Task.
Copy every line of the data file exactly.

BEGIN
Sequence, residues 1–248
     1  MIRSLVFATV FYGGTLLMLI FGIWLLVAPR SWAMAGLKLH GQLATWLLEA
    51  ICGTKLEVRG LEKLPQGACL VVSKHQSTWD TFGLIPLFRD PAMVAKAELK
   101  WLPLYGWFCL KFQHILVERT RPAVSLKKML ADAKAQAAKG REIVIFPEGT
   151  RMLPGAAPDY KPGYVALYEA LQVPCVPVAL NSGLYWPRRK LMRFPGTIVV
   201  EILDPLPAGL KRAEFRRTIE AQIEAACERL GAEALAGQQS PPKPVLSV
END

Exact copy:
Sequence, residues 1–248
     1  MIRSLVFATV FYGGTLLMLI FGIWLLVAPR SWAMAGLKLH GQLATWLLEA
    51  ICGTKLEVRG LEKLPQGACL VVSKHQSTWD TFGLIPLFRD PAMVAKAELK
   101  WLPLYGWFCL KFQHILVERT RPAVSLKKML ADAKAQAAKG REIVIFPEGT
   151  RMLPGAAPDY KPGYVALYEA LQVPCVPVAL NSGLYWPRRK LMRFPGTIVV
   201  EILDPLPAGL KRAEFRRTIE AQIEAACERL GAEALAGQQS PPKPVLSV